A series of commitments were undertaken throughout the specified duration, impeding the pursuit of alternative endeavors that could have been conducted during the said period. The impediment above can be attributed to the substantial outflow of $3 billion allocated towards Berkshire’s investment in Dow, as stated by the individual in question during their conversation with CNBC.
Regarding Dow, Warren Buffett’s financial support and vote of confidence played a significant role in alleviating concerns within the financial community that the company had potentially overextended itself and faced the risk of insolvency.
According to Hassan Ahmed, an analyst at Alembic Global Advisors in 2010, the stake acquisition occurred during significant desperation for Dow.
It is plausible that Mr. Buffett experienced a sense of overpayment on a substantial scale; however, it is essential to note that the negotiated transaction ultimately yielded a highly profitable outcome.
Dow has consistently disbursed substantial dividends to Mr. Buffett over seven years. In December 2016, Berkshire converted its preferred shares into 72.6 million common shares, thereby liberating itself from the financial burden of this commitment.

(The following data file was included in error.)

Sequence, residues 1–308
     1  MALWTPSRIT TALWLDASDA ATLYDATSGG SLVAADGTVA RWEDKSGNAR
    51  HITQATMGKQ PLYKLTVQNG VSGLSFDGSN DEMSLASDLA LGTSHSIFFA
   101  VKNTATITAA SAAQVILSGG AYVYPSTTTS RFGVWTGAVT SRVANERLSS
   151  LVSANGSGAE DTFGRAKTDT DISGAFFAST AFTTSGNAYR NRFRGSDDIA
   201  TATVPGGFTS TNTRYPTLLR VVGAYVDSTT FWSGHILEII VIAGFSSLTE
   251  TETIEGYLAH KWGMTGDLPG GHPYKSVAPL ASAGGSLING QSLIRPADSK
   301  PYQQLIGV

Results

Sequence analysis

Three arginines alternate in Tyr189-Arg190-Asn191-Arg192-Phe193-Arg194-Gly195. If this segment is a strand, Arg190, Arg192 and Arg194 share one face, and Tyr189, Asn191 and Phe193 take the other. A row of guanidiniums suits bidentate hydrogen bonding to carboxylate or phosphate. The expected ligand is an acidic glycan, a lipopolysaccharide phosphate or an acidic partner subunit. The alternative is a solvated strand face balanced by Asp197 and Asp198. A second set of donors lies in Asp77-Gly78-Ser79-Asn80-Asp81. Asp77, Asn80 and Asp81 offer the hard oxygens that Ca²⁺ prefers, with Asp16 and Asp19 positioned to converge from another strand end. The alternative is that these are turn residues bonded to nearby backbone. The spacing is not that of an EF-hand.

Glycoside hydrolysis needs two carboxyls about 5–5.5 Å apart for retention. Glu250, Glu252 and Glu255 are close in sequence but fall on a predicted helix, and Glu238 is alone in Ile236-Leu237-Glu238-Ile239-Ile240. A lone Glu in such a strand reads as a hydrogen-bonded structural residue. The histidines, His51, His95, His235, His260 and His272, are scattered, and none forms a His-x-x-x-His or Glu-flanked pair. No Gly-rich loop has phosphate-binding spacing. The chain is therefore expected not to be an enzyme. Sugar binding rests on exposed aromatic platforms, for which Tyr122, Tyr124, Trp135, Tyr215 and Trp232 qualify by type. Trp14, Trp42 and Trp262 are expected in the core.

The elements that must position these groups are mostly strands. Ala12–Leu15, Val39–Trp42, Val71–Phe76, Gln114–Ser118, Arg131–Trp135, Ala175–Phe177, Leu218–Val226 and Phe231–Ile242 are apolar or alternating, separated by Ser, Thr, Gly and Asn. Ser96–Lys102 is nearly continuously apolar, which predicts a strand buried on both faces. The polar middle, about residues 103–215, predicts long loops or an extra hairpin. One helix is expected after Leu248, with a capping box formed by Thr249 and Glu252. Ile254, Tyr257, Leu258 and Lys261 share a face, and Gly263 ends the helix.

Buffett and his team needed more interest in retaining ownership of Dow’s common stock, leading them to proactively divest themselves of all the shares allocated to them in advance. The stock redemption by Dow occurred on December 30th, with Berkshire alleviating its entire position by the subsequent day’s conclusion.
According to statements made by Warren Buffett during an interview with CNBC, Berkshire Hathaway reportedly generated a profit of approximately $1 billion through the divestment of Dow stock. The organization has additionally accumulated a sum exceeding $1.8 billion in total dividends derived from its preferred stock. Consequently, Mr. Buffett achieved a pre-tax return of approximately $3 billion, representing a twofold increase relative to his initial investment.
The former Chief Executive Officer of Dow, Mr. Andrew Liveris, expressed his appreciation towards Mr. Buffett.
According to the source, the individual in question has exhibited commendable performance in managing said investment and in their previous endeavors at Goldman Sachs and other undisclosed locations, as reported by Reuters. The individual in question showed exceptional value and made significant contributions during the crisis.